But the flurry of activity is raising environmental concerns at both ends of the supply chain, and British Columbians may soon want to put the brakes on what is starting to look like a runaway coal train.
Environmental groups are opposed to the port plans, not just because of increased rail traffic and coal dust locally, but because of the impact the product will have on climate change when it is burned in Asia.
Kevin Washbrook, director of Voters Taking Action on Climate Change, warned that at our current rate of fossil-fuel use, the world could be six degrees warmer by the end of the century.
“If that happens, it will be no comfort to our children that Metro Vancouver’s port once did a thriving business exporting coal,” he said.
At the same time, there are serious worries emerging at the other end of B.C.’s coal transportation line, where the mineral is extracted from the ground.
Last week, two environmental groups challenged a proposal by Centermount Coal Ltd., to mine 40 million tons over 20 years in the Elk Valley, just north of the small town of Elkford.
Ryland Nelson of Wildsight said the project would have a cumulative environmental impact that just isn’t acceptable.
“It would be added to five existing coal mines, four mine-expansion proposals and three exploration projects in the Elk Valley. This is simply too much stress for this watershed,” he said.
“A new open-pit coal mine next to the Elk River is a crazy idea,” agreed Sarah Cox, a Sierra Club spokesperson. “The Elk River already has alarmingly high levels of selenium from existing coal mines.”
Selenium is a metal-like element that British Columbians will soon be hearing a lot more about. It naturally dissolves from coal into water and has been migrating at low levels into streams in B.C. for thousands of years.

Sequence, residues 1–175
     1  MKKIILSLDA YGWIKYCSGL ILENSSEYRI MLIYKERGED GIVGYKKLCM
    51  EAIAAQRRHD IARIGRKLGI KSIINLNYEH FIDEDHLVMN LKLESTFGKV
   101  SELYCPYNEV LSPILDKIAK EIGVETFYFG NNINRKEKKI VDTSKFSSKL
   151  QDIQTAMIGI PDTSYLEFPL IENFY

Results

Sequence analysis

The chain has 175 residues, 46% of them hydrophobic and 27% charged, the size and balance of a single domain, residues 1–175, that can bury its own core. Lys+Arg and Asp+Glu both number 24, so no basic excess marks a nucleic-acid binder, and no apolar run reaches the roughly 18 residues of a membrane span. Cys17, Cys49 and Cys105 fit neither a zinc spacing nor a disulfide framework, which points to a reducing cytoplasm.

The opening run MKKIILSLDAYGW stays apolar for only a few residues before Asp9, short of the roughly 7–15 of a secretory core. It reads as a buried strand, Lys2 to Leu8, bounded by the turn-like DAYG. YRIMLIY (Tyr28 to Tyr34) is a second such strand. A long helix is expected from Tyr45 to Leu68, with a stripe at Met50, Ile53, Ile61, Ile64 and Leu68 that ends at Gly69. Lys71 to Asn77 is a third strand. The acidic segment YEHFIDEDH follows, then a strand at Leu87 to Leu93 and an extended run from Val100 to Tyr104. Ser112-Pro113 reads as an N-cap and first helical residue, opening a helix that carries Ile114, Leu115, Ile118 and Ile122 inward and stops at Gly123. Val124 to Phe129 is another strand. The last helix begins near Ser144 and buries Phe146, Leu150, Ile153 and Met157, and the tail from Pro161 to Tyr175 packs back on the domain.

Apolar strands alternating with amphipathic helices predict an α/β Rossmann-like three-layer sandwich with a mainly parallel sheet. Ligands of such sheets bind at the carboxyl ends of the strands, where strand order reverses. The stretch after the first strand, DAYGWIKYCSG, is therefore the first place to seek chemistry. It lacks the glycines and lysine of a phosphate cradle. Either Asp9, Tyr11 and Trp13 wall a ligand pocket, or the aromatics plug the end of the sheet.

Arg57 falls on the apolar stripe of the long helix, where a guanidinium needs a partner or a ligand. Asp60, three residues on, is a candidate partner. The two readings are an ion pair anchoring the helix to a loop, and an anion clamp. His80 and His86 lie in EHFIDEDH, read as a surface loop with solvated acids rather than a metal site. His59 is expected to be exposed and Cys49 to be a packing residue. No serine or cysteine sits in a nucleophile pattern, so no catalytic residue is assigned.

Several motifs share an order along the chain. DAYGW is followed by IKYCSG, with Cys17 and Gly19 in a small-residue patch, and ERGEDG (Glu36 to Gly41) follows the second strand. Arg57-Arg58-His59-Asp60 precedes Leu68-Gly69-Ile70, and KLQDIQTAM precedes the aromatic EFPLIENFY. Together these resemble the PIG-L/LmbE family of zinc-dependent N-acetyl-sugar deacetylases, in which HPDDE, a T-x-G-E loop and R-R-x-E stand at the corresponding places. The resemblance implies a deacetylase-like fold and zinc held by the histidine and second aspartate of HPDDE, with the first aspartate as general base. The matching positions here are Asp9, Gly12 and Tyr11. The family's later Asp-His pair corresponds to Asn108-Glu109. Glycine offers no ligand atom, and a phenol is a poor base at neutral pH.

But environmental scientists have identified it as a serious, emerging threat now, because mining activity has greatly increased the flow of selenium into water.
In the Elk River, selenium may have already reached a threshold point, beyond which the survivability of entire fish populations comes into doubt.
Teck, one of the biggest mine operators in the valley, has been keeping track of selenium levels downstream of its mines for years. And the company is concerned enough about current levels, that it is building an $80-million water-treatment plant at its Line Creek mine, which is being expanded.
“We realize selenium is a problem and we have taken ownership of it,” Teck’s project manager, Matthew Day, told the Mining & Exploration journal earlier this year.
The plant will cost $5-million a year just to operate – but the mine expansion simply couldn’t go ahead without it, because the Elk River can’t take any more selenium.
Researchers have been measuring selenium levels in the water in insects, fish and birds along the Elk River for more than 15 years. And they have found a troubling trend, which shows the pollutant increases along with mining activity. Selenium levels are 100 to 200 times higher downstream from coal mines.
In some studies, eggs taken from apparently healthy cutthroat trout collapsed when exposed to freshwater. Some hatched, but produced deformed fish.
The Elk River is one of the top sports-fishing streams in North America because it has large populations of apparently healthy West Slope cutthroat trout.
But Dennis Lemly, a U.S. Forest Service researcher, warned when he released a definitive study in 2002, that selenium poisoning can cause a catastrophic population collapse because it harms the eggs, not the adult fish. In effect, the bottom drops out of a population, and then when the adult fish die off, there is suddenly nothing left.
“Selenium poisoning in fish can be invisible for a time,” he stated. “Because there is no apparent fish kill, species can disappear before you can do anything about it.”
That’s the trouble with coal. At one end of the supply chain, it causes invisible water pollution. At the other end, it vanishes in smoke, adding to our climate-change woes.